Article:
It is known that traumatic brain injuries can leave lasting damaging effects on the brain. However, to date there is no tool or good way to diagnose the damage. Now, scientists are testing a tool that will light up the breaks these types of injuries leave deep inside the brain very similar to the way an x-ray works for bones.
The research is just beginning to see if this type of test could really pinpoint the injuries and help with rehabilitation. It is a way to "make visible these previously invisible wounds" said Walter Schneider of the University of Pittsburgh, who is leading the development of the scan.
It is estimated that 1.7 million people suffer a traumatic brain injury in the United States each year. Survivors can have obvious disabilities or more subtle changes like mood swings or memory loss. Standard scans cannot see beyond the bleeding or swelling to tell the brain's connections are broken in a way it can't repair on its own; this is why the need for the scanning technology is so important.
With this new tool it processes high-powered MRI's through a special computer program that maps major fiber tracts, painting them in different colors that designate the different functions. Researchers then look for breaks in the fibers that can slow or stop the nerve connections from doing their jobs. This new tool provides a much closer look at the nerve fibers and will allow doctors the ability to detect and devise a treatment plan for TBI's.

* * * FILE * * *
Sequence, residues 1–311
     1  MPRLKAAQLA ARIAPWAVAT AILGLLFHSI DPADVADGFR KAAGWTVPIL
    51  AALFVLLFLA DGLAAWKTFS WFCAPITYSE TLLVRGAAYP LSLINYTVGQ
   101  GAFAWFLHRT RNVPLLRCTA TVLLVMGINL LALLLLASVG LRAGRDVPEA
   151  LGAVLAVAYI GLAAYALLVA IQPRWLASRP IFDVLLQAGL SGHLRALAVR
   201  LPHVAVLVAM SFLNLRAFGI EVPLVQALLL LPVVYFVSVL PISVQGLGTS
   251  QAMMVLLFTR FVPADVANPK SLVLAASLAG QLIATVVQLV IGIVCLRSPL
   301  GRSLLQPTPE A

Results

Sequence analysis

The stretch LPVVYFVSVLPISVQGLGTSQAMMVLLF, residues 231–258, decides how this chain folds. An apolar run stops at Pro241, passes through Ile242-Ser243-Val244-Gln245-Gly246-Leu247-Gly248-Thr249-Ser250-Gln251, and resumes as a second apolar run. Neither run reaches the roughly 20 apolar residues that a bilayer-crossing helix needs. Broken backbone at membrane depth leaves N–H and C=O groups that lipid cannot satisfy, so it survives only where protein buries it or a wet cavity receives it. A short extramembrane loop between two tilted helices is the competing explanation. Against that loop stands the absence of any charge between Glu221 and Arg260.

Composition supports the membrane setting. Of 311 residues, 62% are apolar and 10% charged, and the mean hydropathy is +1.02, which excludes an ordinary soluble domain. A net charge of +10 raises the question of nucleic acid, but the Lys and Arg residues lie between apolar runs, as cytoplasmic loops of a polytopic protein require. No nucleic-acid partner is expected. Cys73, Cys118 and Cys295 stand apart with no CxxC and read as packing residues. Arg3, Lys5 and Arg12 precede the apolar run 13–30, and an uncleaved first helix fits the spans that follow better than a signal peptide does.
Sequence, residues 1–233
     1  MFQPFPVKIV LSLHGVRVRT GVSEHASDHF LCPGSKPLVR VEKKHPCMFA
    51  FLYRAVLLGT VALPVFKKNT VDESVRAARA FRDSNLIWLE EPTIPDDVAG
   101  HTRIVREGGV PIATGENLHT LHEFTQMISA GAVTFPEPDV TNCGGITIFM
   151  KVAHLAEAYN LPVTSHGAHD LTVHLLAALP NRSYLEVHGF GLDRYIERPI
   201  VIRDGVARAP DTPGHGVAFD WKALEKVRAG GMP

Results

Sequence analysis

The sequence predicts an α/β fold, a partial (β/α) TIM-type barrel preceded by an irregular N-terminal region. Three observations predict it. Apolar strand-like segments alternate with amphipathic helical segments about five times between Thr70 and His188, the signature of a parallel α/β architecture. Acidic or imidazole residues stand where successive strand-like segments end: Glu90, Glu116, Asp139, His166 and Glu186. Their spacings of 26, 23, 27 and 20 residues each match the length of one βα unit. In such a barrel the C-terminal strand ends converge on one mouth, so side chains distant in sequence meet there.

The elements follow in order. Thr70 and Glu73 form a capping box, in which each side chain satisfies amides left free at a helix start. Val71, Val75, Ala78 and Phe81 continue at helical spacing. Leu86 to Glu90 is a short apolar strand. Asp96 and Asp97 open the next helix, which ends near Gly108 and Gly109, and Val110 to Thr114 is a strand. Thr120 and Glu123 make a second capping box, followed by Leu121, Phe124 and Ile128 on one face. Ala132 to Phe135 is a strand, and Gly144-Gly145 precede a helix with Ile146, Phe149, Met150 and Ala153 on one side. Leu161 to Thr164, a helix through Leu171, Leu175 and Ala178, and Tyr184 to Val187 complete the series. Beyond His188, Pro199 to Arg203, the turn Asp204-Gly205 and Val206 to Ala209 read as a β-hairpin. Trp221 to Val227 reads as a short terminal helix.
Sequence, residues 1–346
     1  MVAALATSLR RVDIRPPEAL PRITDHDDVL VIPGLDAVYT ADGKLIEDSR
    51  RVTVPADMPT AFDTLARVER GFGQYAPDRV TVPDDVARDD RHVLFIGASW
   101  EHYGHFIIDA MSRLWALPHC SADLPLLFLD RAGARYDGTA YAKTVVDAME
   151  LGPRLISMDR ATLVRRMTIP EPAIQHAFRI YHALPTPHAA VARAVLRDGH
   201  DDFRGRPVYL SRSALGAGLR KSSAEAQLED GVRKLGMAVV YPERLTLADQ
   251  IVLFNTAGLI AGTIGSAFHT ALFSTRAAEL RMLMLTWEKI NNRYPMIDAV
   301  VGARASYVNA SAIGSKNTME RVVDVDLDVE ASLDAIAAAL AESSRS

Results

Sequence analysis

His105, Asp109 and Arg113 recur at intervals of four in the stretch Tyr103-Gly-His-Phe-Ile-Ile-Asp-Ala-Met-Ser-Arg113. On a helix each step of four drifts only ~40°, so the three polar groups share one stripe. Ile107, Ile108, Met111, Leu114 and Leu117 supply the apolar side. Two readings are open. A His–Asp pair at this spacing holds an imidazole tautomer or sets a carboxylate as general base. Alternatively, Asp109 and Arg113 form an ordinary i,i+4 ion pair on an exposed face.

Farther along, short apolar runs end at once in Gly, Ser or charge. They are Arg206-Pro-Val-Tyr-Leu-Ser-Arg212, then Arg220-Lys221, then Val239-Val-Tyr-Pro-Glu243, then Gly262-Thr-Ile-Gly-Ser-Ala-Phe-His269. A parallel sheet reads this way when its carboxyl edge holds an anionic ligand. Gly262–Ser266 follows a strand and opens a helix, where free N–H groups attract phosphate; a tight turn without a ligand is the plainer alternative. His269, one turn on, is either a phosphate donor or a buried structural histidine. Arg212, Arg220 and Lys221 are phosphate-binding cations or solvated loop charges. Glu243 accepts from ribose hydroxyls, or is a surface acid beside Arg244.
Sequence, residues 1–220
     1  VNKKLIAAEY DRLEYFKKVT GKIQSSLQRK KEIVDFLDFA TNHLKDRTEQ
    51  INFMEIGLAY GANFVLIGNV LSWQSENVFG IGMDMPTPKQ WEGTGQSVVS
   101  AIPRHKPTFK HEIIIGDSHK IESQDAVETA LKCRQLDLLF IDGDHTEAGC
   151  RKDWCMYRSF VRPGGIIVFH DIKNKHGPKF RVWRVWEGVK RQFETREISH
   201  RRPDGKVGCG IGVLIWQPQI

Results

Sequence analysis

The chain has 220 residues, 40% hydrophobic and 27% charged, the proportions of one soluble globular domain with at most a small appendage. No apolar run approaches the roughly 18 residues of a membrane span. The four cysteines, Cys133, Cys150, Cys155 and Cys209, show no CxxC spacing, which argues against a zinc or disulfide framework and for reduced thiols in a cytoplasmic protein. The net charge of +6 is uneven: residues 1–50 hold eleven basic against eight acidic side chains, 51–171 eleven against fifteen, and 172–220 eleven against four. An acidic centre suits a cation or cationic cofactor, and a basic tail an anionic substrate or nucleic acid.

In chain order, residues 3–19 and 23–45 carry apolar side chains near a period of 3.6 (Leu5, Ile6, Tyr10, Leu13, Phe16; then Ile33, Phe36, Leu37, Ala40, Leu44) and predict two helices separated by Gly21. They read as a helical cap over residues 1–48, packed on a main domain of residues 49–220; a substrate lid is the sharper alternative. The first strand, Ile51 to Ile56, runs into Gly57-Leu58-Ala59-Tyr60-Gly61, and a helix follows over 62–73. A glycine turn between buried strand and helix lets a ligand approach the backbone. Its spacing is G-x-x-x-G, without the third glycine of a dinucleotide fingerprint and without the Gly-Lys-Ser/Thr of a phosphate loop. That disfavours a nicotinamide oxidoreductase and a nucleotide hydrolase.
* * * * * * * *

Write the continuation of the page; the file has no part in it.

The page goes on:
This new tool is another step closer to providing a better way for doctors to treat traumatic brain injuries. It can also help patients better understand the diagnosis and help to customize a tailored treatment plan.
Have You Suffered A Traumatic Brain Injury (TBI)?
If you've suffered a Traumatic Brain Injury you need to speak with an experienced TBI attorney as soon as possible. Please contact us online or call our Conway, South Carolina office directly at 843.484.0707 to schedule your free consultation. We are also able to meet clients at our Myrtle Beach, Charleston, Mt. Pleasant, Columbia, North Myrtle Beach or North Charleston office locations.